18 Things Your Doctor Wants You to Know About Thyroid Problems
More than 20 million Americans will get hit by thyroid disease or disorder—and 60 percent of them won’t even realize that’s what is making them sick. Here’s what doctors need you to know.
What your thyroid is
“The thyroid is a butterfly-shaped organ that sits in the front of the neck,” says Archana Durga Narla, MD, an endocrinologist at Crystal Run Healthcare in West Nyack, New York. “It makes thyroid hormones [mostly triiodothyronine (T3) and thyroxine (T4)] which is used by multiple organ systems throughout the body.”
How important thyroid hormones are
The hormones your thyroid produces are carried through the bloodstream throughout your body, and they direct vital body systems like your metabolism, your heart rate, your brain, and your muscles. They also help stimulate and regulate how efficiently your body uses energy.
Hyperthyroidism is one of the most common thyroid diseases
According to the National Institutes of Health, 1.2 percent of people in the U.S. suffer from hyperthyroidism (an overactive thyroid)—roughly one in 100 people. Women are two to 10 times more likely to have hyperthyroidism than men, and it’s most commonly caused by an autoimmune response from the body. The immune system attacks the thyroid, leading the gland to behave erratically, says Dr. Narla. Learn the simple habits that can help keep your thyroid healthy.
Graves’ disease is the most common cause of hyperthyroidism
The NIH says Graves’ disease affects 1 in 200 people—most commonly those between the ages of 30 and 50; again, women are more susceptible to the disease than men. Graves’ disease is a type of autoimmune disease that attacks the thyroid. People with a family history of Graves’ or a related autoimmune condition such as rheumatoid arthritis, lupus, type 1 diabetes, or celiac disease may later develop Graves’ disease. Read about the autoimmune disease that’s striking millennials in record numbers.
The symptoms of hyperthyroidism can vary
“Hyperthyroidism can present with symptoms ranging from fatigue to irritability,” says Erik Polan, DO, assistant professor at Philadelphia College of Osteopathic Medicine. “Common symptoms also include a goiter (an enlarged thyroid gland), irregular heartbeat (atrial fibrillation), diarrhea, insomnia, weight loss, tremors, and heat intolerance.”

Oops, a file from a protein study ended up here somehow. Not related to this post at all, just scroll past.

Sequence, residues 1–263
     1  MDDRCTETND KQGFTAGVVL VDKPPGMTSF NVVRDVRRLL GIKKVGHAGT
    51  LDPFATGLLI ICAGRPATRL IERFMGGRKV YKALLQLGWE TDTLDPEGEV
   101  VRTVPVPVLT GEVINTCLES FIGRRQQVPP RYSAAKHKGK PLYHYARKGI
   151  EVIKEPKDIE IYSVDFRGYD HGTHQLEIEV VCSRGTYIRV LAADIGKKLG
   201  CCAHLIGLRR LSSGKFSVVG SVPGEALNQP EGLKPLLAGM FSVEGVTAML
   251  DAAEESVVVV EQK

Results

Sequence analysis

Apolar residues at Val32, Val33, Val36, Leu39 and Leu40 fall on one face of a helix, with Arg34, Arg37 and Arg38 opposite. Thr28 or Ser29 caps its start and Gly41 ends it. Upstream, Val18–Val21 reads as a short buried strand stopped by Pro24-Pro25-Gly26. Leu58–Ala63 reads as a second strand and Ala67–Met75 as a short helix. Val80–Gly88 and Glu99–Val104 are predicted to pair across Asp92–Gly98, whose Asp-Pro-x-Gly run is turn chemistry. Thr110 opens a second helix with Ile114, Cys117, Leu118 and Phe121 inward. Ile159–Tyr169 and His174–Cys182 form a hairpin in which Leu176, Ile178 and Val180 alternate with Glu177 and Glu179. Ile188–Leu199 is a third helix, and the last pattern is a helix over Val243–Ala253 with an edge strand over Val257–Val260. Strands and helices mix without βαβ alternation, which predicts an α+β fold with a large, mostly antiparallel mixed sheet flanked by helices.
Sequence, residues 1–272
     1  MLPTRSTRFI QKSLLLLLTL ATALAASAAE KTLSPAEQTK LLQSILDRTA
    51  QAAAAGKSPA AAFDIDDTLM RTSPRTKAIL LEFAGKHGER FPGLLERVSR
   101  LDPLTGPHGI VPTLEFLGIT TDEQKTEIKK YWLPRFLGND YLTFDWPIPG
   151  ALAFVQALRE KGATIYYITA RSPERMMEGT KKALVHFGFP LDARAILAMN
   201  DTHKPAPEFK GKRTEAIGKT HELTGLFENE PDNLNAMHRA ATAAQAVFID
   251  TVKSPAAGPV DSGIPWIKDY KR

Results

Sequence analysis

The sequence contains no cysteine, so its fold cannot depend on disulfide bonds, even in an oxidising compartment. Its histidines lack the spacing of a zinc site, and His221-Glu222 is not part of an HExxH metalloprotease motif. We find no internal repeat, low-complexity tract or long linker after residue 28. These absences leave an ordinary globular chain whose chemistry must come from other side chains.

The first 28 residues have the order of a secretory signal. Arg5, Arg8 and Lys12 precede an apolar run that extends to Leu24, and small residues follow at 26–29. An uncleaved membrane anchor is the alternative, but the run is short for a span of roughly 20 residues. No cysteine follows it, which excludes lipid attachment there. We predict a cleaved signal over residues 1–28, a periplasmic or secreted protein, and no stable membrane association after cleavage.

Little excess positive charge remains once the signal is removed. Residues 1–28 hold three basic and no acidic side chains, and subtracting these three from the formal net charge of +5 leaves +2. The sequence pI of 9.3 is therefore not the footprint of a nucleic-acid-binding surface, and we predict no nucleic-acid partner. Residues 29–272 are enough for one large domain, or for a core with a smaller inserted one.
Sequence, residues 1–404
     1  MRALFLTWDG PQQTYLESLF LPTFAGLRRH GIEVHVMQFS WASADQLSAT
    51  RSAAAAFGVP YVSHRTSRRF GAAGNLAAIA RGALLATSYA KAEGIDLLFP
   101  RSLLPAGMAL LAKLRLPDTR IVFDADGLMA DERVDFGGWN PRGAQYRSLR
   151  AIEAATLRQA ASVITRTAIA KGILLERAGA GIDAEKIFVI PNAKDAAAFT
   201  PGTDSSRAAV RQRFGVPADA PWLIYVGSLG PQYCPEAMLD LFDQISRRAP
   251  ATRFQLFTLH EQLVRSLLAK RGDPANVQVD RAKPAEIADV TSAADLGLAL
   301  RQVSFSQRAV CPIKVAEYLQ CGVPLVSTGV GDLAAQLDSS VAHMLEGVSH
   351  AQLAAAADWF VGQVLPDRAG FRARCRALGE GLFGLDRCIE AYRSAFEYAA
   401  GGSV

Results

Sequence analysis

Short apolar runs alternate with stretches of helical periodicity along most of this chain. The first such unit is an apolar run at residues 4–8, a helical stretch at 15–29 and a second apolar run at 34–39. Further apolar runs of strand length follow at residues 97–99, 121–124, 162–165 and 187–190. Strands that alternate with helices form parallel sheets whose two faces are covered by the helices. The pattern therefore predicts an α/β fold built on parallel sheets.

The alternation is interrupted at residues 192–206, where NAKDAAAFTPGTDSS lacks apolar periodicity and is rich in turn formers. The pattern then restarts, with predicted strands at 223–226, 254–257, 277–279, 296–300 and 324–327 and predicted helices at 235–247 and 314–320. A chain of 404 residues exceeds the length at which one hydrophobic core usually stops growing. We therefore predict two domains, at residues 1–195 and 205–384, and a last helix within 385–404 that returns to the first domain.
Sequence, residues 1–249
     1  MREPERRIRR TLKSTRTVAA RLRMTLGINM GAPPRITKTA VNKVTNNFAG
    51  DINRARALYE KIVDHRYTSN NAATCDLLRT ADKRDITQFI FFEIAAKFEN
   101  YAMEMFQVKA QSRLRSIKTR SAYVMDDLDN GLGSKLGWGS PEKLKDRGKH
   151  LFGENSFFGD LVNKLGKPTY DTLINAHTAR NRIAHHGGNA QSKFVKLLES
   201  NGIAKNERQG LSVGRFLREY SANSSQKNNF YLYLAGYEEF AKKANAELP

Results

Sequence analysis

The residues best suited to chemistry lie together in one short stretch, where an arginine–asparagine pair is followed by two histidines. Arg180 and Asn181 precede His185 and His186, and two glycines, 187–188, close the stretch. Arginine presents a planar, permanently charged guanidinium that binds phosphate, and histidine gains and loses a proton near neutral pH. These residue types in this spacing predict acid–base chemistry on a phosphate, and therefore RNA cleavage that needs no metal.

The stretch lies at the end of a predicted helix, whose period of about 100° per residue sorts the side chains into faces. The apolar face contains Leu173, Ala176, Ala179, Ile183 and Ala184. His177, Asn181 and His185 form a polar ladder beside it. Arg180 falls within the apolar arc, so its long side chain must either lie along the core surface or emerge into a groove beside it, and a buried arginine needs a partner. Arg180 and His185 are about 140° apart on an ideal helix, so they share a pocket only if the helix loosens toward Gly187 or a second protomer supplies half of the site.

Hyperthyroidism can make you may feel energized
“Patients with hyperthyroidism often have increased energy due to a more active metabolism,” says Dr. Narla. “But this is not sustainable, so over time patients often develop fatigue as well.” Check out these 13 thyroid facts you should definitely know.
Hyperthyroidism usually has three treatment options
In order to manage hyperthyroidism, doctors and patients can choose between three different approaches. Finding the right one will depend on the underlying cause of the disorder, the patient’s preference, and any potential risks based on the patient’s health history, says Dr. Narla. The options include medication such as methimazole or propylthiouracil to control thyroid function, surgery on the gland, or a procedure called radioactive iodine ablation, which kills a portion or all of the thyroid.
Severe cases can turn into a thyroid storm
The sudden overproduction of thyroid hormones is called a thyroid storm and requires hospitalization to manage the condition. Symptoms include a high fever over 100.5˚F, diarrhea, vomiting, and, in extreme cases, fainting and loss of consciousness. A thyroid storm can also result from treating the condition with radioactive iodine, especially in patients with Graves’ disease. These are the 13 silent thyroid symptoms to watch out for.
The other extreme: hypothyroidism
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This is the opposite of a hyperactive thyroid. Hypothyroidism means the gland is slowing down and failing to produce enough hormones. The National Institutes of Health says that 4.6 percent of the U.S. population over the age of 12 suffers from mild hypothyroidism, or five out of 100 people. As with hyperthyroidism, women are more prone to the condition, particularly women over the age of 60. Again, the usual cause is the body’s immune system attacking the thyroid by mistake, says Dr. Narla, resulting in the destruction of thyroid cells and its enzymes needed to make thyroid hormones.
Hashimoto’s disease is the leading cause of hypothyroidism
The most common autoimmune disorder that leads to hypothyroidism is called Hashimoto’s disease, according to the NIH: It hits five out of 100 people in the U.S. between the ages of 40 to 60. Like Graves’, women are at higher risk, and having an autoimmune disease such as rheumatoid arthritis, lupus, type 1 diabetes, or celiac disease (to name a few) worsens your odds. Why some people develop Graves’ disease versus Hashimoto’s disease is still largely unknown, but researchers think it’s a combination of genes and potentially certain viruses. These are the 12 silent signs of Hashimoto’s everyone should know.